The map below shows the current U.S. Intercontinental Ballistic Missile (ICBM) missile silos. You can scroll and zoom this map to see individual missile silos. The control in the upper-right corner of the map (it shows the four corners of a box) allows you to see the map full-screen. The markers are color-coded by ‘flights’. Each flight is a group of 10 missile silos controlled by a Missile Alert Facility (MAF).
Help using Google Maps
The Full Screen control in the upper righthand corner of the Google Maps display expands the display to cover the entire computer screen. This full-screen feature is not available on Apple IOS devices like the iPad.
You can exit out of full screen by pressing the Escape key or clicking the control in the upper righthand corner of the display.
The Map/Satellite control in the upper lefthand corner of the screen lets you choose either the normal map view or the satellite view. The satellite view allows you to see the actual military facility when you zoom in. You can choose to turn Labels on or off. The labels are the names of places, businesses, cities, etc. that appear on the map. You can turn off the labels if they obstruct your view.
When you select the Map view, you can turn on terrain features by clicking or touching the Terrain box. This will show things like mountain ranges, similar to looking at a relief map.
You can zoom in and out in a few ways. The lower righthand corner of the Google Maps display has a plus sign and a minus sign that controls zooming. If you're using a mouse with a scroll wheel, the wheel controls zooming. If you're using an IOS device like an iPhone or iPad, double-tapping the display zooms in but tapping does not zoom out.
Most touch screen devices will zoom by pinching the display with two fingers.
There were more active silos in the past. Silos have been deactivated because of treaty obligations, missile obsolescence, and Congressional belt-tightening. Deactivated silos were located in Arizona, California, Idaho, Kansas, Missouri, Montana, Oklahoma, New York, South Dakota, Texas, and Washington. You can see the locations of all silos on the ICBM History page.
All missiles in the silos are currently Minuteman III (LGM-30G). It has a maximum range of 8,700 miles and a maximum speed of Mach 23 (17,500 mph). Launched from a Montana silo, a Minuteman III would take about 20 minutes to reach Moscow—its speed is not constant along its flight path.
The Minuteman III has an inertial navigation guidance system that is entirely internal. It does not rely on GPS or visual sighting to strike its targets.
A missile may have a MIRVed warhead, containing three W78 350-kiloton warheads, to attack three targets. Optionally, a missile may contain a single W87 475-kiloton warhead to attack a single target.
Note: The Little Boy bomb dropped on Hiroshima on August 6, 1945 had a yield of 15 kilotons. The Fat Man bomb dropped on Nagasaki on August 9, 1945 had a yield of 20 kilotons. Today's W78 warheads are 23 times more powerful than the bomb dropped on Hiroshima.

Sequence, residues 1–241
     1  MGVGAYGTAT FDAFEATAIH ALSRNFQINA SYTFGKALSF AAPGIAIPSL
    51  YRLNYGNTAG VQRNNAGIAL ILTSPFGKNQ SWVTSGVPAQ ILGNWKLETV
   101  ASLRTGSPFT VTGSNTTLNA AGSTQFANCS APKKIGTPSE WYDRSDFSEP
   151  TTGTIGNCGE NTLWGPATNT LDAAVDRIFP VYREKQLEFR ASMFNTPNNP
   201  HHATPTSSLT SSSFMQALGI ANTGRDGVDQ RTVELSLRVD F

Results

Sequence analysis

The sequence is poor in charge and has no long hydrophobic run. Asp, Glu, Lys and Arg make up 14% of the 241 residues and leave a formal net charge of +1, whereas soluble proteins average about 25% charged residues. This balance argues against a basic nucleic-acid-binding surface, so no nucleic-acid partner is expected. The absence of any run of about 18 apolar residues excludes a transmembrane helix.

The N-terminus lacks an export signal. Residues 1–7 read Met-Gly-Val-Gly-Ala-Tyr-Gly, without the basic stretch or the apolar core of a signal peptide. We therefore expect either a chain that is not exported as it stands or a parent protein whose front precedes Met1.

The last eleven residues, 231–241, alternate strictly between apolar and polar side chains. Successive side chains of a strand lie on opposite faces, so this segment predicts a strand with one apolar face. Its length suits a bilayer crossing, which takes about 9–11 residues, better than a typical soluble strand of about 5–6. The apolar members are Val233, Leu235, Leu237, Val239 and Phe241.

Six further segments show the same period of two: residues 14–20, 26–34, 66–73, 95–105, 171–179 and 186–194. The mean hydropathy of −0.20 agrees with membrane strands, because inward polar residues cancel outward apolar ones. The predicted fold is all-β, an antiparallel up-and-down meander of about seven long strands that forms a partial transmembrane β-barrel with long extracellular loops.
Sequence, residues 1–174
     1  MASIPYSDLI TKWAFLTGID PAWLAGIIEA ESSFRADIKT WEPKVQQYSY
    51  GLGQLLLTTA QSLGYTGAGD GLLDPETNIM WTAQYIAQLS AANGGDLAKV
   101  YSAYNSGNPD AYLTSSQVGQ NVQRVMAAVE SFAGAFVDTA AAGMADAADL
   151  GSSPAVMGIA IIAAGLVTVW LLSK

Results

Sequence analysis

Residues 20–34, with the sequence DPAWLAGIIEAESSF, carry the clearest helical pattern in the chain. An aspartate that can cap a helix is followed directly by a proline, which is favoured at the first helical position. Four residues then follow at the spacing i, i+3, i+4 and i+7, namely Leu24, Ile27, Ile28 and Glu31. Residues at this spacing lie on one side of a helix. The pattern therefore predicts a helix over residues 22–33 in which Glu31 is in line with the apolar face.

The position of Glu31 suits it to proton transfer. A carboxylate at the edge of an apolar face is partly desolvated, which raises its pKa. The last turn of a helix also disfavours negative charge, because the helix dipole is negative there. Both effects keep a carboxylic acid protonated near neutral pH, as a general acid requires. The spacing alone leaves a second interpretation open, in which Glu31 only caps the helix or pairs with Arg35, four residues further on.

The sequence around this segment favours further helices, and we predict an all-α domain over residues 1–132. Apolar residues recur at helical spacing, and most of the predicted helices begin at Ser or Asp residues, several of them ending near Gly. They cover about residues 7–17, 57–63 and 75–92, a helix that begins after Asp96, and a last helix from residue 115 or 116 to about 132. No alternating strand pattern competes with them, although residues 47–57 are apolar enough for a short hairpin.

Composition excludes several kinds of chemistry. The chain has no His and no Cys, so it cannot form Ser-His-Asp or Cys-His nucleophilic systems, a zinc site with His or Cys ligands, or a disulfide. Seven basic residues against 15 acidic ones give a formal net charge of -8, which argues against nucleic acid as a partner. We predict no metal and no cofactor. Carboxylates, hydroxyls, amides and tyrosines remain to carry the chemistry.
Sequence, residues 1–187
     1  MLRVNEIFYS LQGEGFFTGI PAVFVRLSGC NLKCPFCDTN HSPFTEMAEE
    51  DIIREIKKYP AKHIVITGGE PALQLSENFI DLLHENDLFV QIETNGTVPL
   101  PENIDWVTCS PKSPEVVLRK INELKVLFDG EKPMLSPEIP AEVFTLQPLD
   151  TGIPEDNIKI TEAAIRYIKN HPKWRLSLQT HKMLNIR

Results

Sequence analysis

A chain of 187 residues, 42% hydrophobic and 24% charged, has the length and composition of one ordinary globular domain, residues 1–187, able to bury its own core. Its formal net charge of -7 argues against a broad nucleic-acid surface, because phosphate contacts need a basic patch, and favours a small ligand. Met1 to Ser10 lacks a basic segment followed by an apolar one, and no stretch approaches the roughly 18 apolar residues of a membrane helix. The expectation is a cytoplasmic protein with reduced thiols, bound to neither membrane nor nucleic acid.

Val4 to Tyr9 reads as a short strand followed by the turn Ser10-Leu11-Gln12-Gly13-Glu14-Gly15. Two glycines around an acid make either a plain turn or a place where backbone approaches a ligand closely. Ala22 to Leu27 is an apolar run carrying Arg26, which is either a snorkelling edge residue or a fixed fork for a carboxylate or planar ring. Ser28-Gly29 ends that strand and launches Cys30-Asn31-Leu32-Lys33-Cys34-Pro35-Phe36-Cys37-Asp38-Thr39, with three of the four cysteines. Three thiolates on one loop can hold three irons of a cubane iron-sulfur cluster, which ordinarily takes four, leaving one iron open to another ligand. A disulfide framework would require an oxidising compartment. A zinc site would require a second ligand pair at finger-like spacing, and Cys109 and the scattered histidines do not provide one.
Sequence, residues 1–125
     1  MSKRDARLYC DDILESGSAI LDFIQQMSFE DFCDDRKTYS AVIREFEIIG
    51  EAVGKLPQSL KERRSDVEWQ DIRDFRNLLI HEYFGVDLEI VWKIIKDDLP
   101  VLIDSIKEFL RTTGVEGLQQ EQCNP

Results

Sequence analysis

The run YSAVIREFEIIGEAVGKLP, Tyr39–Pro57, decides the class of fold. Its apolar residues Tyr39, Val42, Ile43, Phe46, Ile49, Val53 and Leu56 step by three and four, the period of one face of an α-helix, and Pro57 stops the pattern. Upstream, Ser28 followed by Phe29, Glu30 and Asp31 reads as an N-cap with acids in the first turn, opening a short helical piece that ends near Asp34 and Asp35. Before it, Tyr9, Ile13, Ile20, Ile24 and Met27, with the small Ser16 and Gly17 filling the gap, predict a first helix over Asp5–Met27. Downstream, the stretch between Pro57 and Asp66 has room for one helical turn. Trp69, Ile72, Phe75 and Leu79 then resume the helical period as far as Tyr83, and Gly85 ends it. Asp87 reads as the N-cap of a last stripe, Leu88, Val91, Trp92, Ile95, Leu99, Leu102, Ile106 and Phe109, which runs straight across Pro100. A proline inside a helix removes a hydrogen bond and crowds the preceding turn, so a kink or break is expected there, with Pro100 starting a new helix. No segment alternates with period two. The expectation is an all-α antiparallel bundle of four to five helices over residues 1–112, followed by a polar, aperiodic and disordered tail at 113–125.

Missile Alert Facilities
Underground launch control centers, called Missile Alert Facilities (MAF), that are within miles of the missile silos, control missile launch for 10 silos. The MAF and its ten silos is called a ‘flight’. If those centers fail to carry out a launch order, specially-configured E‑6B airborne command posts, nicknamed ‘Doomsday Planes’, can take over.
Figure 2 shows a satellite view of a MAF. The central buiding houses the elevator to take the missileers down to the underground control center. Ther are also sleeping quarters and eating areas above ground. There's a garage for vehicles. The green pond in the upper-right of the photo is the ‘poo pond’ that processes waste. A helicopter pad is shown in the lower portion of the photo.
Figure 3 shows a Google Maps street-view of the entrance to a MAF. This is the entrance to the 341st Missile Wing, 490th Missile Squadron M-01 in Monroe, Montana off of Interstate 87. The sign simply says M1. The security gate to the MAF is 968 feet from the road.
Each MAF normally commands the missiles in 10 silos but any one MAF may control 50 silos if needed.
The people who work in the Missile Alert Facilities are called missileers. Until 1978, all missileers were men. The National Park Service has a history of how women became missileers. Figure 4 shows an underground launch control center.
Not all silos have missiles. Press reports and Pentagon briefings have put the number of ICBMs at 400. So, 50 silos are empty, but the enemy may have a difficult time knowing which ones.
Figure 6 shows satellite views of a normally unattended silo (left) and one undergoing maintenance (right). Although silos are unattended, they are monitored with video and other intrusion detection mechanisms.
Figure 7 shows a missile silo site from the road. This silo's security gate is 547 feet from the road. If you were driving by and you didn't know it was there, you'd probably ignore it.